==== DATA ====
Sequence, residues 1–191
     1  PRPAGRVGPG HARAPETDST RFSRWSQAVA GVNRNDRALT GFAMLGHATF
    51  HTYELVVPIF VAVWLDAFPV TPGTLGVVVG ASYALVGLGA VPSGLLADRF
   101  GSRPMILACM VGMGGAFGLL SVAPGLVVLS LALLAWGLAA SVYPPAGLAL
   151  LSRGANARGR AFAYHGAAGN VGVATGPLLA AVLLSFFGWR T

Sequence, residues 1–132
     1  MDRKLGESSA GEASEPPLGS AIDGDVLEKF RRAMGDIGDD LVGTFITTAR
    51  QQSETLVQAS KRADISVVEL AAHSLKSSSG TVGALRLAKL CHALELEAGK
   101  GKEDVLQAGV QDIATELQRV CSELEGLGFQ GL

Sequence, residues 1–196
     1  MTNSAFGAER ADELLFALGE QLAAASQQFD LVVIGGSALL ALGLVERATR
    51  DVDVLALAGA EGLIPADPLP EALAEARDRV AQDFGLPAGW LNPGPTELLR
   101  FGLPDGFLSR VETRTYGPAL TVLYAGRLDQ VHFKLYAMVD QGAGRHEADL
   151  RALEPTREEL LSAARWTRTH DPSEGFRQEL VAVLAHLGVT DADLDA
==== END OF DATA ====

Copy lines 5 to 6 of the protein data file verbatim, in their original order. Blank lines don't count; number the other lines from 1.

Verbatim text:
   151  LSRGANARGR AFAYHGAAGN VGVATGPLLA AVLLSFFGWR T

Sequence, residues 1–132